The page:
This is the end of Part 1 on Taking Control Of Your Finances - Please submit yourr comments at the end of this post - Thank you
Part 6: Get out of debt. There are many methods to eliminate your debt obligations, but whatever you do, just pay it off. Debt leaves you beholden to other individuals, and everyone has the right to be free.
Debt is like indentured servitude. You work and earn income, but you hand over that income to someone else. With debt, your finances are controlled by someone else, not you.
For example, credit card companies have the right to change your interest rate at almost any time with advance notice. In fact,
CitiGroup recently raised its interest rates on a wide swath of customers to help bring in more money to this failing company. High interest rates cause customers to take longer to get out of debt because a smaller percentage of their payments goes towards the principal balance.
In this case, CitiGroup is controlling a portion of your finances. If a Citi customer is accruing more debt on the credit card at the same time, CitiGroup’s control outweighs the customer’s.
Read More Link On Right
Credit cards aren’t the only forms of debt. Mortgages and student loans prevent people from saving as much money as possible, so even before you make decisions about life goals, it’s a good idea to start eliminating these debt as well.
Good debt versus bad debt
One comment you may hear is that mortgages and student loans are “good debt” while credit cards and car loans are “bad debt.” The philosophy here is that houses appreciate in value, so mortgages provide leverage, allowing you to risk less of your own money for a greater return.
Similarly, a college education allows you to earn more money in the future. In reality, houses do not always appreciate in value, especially if you consider how house-related expenses contribute to the true cost of owning a home.
Also, not everyone earns more with a college degree than they would without one, but on average, those who do earn more over their lifetime. It is possible, however, to earn a college degree without going into debt.
On an individual level, you can’t use generic labels like “good debt” and “bad debt.” If you are accumulating more debt, all debt is bad. If your debt is not increasing, you have the option of weighing your debt to determine which to pay off quicker.
For example, at one point, it was common to have student loans with interest rates under 3%. At the same time, high-yield savings accounts paid over 4%.
Even after taxes, it was worthwhile — if the student loan was the only debt — to put extra money in savings while making only the minimum payment towards the student loan.
That is not always the case, particularly now that savings interest rates are lower and student loan rates are higher.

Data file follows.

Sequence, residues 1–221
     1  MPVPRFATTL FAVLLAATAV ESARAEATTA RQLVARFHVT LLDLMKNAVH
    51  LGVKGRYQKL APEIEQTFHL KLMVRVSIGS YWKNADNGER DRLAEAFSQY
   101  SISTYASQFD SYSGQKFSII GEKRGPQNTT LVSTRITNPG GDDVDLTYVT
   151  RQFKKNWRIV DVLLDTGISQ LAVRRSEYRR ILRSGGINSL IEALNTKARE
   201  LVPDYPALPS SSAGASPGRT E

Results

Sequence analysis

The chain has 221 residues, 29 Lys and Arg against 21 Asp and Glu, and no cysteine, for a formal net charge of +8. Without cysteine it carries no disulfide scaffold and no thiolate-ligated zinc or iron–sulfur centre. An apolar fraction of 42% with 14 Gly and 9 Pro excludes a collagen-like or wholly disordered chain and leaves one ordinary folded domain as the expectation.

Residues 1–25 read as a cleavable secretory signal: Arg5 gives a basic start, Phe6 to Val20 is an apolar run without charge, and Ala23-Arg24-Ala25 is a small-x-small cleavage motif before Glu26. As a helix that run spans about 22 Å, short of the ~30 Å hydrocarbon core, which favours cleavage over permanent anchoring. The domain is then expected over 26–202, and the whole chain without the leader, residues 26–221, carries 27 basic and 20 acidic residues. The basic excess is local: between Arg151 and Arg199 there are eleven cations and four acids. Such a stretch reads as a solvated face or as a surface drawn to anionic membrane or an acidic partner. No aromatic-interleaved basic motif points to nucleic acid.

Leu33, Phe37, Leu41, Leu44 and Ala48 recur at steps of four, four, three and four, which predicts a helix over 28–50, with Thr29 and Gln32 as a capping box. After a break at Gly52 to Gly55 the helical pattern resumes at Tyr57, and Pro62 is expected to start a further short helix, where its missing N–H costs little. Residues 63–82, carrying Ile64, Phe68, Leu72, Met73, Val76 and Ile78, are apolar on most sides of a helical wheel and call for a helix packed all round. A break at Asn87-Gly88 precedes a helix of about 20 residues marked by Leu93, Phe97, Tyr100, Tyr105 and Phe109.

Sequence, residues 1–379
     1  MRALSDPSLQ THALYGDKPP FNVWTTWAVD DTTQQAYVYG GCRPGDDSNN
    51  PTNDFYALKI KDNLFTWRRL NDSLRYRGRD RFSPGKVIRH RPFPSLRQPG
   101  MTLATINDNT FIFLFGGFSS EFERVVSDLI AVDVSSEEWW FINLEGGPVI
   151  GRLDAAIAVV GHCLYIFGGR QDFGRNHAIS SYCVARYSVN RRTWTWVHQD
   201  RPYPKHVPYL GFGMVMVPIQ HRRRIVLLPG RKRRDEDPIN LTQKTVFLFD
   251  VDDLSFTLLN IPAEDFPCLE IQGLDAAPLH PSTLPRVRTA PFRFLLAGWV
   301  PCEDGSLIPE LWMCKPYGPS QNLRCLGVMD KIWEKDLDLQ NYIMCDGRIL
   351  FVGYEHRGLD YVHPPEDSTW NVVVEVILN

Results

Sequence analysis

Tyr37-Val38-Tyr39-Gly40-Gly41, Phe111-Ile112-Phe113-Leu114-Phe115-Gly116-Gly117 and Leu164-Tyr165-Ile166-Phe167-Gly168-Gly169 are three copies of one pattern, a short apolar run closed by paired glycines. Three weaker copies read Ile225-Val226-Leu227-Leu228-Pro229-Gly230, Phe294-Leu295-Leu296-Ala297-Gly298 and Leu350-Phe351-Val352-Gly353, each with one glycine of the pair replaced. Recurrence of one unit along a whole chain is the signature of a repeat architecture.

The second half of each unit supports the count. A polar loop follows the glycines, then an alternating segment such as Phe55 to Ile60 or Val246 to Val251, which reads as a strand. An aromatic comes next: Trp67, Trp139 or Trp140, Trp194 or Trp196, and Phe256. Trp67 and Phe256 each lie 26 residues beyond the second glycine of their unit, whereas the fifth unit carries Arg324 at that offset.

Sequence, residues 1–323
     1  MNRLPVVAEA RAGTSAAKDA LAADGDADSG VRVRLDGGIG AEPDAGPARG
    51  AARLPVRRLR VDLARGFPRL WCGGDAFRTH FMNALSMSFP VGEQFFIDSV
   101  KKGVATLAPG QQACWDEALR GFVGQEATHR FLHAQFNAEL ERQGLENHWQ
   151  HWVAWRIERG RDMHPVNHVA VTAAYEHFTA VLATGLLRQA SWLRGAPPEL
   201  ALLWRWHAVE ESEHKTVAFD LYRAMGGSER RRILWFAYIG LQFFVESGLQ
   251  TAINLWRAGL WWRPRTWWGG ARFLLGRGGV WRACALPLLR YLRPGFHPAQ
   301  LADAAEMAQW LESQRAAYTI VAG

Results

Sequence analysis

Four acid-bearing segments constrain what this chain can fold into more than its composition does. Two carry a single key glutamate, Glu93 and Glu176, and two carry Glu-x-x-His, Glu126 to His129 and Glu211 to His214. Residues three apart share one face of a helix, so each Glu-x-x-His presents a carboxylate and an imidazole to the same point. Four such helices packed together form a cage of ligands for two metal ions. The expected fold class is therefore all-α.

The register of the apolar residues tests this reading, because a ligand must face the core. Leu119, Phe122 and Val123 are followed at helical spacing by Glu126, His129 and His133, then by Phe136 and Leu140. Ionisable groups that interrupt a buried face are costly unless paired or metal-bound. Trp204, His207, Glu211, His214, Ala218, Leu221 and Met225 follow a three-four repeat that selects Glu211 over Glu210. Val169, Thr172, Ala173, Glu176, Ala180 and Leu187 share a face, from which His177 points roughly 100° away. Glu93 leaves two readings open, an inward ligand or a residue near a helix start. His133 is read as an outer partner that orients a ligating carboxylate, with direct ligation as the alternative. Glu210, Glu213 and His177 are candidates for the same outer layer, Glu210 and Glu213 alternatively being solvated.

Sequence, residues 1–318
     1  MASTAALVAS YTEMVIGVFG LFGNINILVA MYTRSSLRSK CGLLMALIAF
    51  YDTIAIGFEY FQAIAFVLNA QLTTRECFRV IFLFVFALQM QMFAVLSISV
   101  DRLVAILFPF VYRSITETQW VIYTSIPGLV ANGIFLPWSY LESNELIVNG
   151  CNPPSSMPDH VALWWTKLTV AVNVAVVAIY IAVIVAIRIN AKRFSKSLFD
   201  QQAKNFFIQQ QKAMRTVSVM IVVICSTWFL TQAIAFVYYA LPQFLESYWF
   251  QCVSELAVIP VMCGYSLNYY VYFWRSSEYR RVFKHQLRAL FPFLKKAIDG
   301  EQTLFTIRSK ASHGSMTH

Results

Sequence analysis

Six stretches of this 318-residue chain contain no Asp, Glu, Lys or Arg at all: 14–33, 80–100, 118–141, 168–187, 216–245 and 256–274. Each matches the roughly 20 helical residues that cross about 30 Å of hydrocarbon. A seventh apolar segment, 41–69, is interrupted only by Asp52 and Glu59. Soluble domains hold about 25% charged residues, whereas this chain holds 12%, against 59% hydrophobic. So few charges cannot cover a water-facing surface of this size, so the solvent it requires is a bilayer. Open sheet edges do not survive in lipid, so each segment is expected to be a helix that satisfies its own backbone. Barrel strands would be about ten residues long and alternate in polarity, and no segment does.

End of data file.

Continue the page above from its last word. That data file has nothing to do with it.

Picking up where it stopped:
Now just get out of debt
Getting out of debt is a six-step process, with one extra preliminary step.
0. Put $1,000 aside. You should be spending less than you earn by now, so you have excess income at the end of every month. Start putting aside some money for emergencies even before you start paying off debt. $1,000 is a good target, but you shouldn’t wait until you reach that point before moving on to the next step.
The purpose of this money, which will eventually become your “Emergency Fund,” is to allow you to dip into the savings if a problem comes up. Rather than paying for the surprise expense with a credit card, you have a little accumulation set aside. If you already have a savings account set aside for this type of expense, move right to Step 1.
1. Commit to avoiding new debt. You’ve already committed to taking action to take control of your finances, but in order to do that, you must eliminate your debt. While you have debt, you don’t get to use a portion of the income you earned. You already used income you didn’t have, allowed someone else (a lender or a credit card company) to cover the expense for you, and now they own you (or part of your income). Until this relationship is eliminated, do not accumulate more debt.
Do not spend more than you earn by using credit cards. Don’t buy a new car if you don’t have the savings. Once you’re out of debt, you can carefully ease these restrictions, but the object is not not get into debt while you’re going through a process of elimination.
2. Call your creditors. There is no harm in calling the credit card companies to ask for lower rates.
The customer service phone number is always printed on the back of credit cards, and this is your first point of contact. Historically, people have had success calling customer service and asking for a lower rate.
With the economy deteriorating and many banks and credit card companies struggling, it might be tougher to get them to budge on your interest rates. If at first you don’t succeed, ask for a supervisor.
Call back, if you have to. In some cases, the banks will offer to lower your rate if you close your card. That means you will pay less to get out of debt and you’ll be restricted from using that card for more purchases. Take the deal! You won’t be using your credit card again until you’re out of debt, anyway.
3. Choose how to pay back your debts. If you want to spend the least amount of money and least amount of time to pay back all your debts, there is only one option: the Debt Avalanche.